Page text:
The wildlife management area at Merced’s Wastewater Treatment Plant will offer waterfowl, dove and pheasant hunting. The property is located five miles south of the city of Merced and offers 300 acres for hunting. Tucked between sloughs and agricultural fields, the seasonal pond and wetland provide cover and forage for waterfowl, dove and pheasant.

Turkey hunters will have an opportunity to access 3,200 acres of rolling blue oak woodlands on Bobcat Ranch located in Yolo County’s Vaca Mountain foothills.

Bobcat Ranch will also offer birdwatching opportunities this fall. Successful applicants will receive a SHARE access permit valid for two people. Instructions on how to apply and a bird list for the property can be found on the SHARE webpage. Birdwatching opportunities will not require a hunting license.

Hunters with a valid California hunting license may apply online at www.wildlife.ca.gov/licensing/online-sales. A non-refundable application fee of $11.37 will be charged for each hunt choice. Successful applicants for each property will be allowed to bring a hunting partner or a non-hunting partner depending on the hunt.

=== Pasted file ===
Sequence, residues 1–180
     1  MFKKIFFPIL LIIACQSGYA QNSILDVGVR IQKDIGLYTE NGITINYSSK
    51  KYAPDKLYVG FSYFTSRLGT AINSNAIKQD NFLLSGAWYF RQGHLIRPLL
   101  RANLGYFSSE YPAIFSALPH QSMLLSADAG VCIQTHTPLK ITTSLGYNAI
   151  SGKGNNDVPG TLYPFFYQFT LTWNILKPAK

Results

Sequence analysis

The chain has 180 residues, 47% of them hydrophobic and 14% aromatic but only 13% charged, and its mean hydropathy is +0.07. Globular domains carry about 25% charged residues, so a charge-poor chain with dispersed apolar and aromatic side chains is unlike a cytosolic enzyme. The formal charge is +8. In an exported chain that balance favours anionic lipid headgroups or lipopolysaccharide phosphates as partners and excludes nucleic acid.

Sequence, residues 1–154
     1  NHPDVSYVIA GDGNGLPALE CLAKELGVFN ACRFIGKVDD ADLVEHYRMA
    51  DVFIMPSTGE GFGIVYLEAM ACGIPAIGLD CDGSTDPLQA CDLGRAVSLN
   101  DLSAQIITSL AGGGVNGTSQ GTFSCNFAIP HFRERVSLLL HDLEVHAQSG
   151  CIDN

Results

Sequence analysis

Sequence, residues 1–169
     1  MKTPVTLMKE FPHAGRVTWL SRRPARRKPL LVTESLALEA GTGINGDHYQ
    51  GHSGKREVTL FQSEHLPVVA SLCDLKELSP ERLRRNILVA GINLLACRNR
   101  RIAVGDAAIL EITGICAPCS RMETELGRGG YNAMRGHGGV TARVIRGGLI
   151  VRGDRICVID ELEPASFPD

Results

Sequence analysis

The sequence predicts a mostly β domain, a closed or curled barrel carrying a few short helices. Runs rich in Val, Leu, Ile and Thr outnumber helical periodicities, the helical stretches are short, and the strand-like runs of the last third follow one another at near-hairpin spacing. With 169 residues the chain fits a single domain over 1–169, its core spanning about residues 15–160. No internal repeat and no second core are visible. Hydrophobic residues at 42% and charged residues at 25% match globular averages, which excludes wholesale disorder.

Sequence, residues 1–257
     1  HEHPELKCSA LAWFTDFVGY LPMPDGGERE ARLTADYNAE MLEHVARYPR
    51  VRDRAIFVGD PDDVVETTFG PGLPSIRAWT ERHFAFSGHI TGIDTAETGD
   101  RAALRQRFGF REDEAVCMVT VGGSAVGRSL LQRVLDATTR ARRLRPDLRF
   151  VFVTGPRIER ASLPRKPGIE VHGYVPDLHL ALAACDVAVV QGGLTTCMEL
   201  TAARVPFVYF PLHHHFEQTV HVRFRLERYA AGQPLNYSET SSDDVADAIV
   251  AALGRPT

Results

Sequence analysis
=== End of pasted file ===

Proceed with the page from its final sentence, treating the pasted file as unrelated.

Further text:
These opportunities were made possible by the SHARE Program, which offers incentives to private landowners who allow wildlife-dependent recreational opportunities on their property. Participating landowners receive liability protection and compensation for providing public access to, or through, their land for wildlife-dependent recreational activities. The goal of the SHARE Program is to provide hunting, fishing and other recreational access on private lands in California. For more information about SHARE opportunities please visit www.wildlife.ca.gov/hunting/share.

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Media Contacts:
Victoria Barr, CDFW Wildlife Branch, (916) 445-4034
Clark Blanchard, CDFW Communications, (916) 651-7824

Waterfowl Hunting Regulations Set for 2015-2016 Season

The California Fish and Game Commission adopted the 2015-16 waterfowl hunting regulations on Aug. 5. The season length for brant in the Northern Brant and Balance of State Brant special management areas was increased to 37 days and the canvasback daily bag limit was increased to two per day.

ducks and geese at Gray Lodge
Ducks and geese at Gray Lodge. CDFW photo by Lori Deiter.

Duck Seasons

  • Balance of State, Southern San Joaquin Valley and Southern California zones will be open from Oct. 24, 2015 through Jan. 31, 2016. Scaup season will be open from Nov. 7, 2015 through Jan. 31, 2016.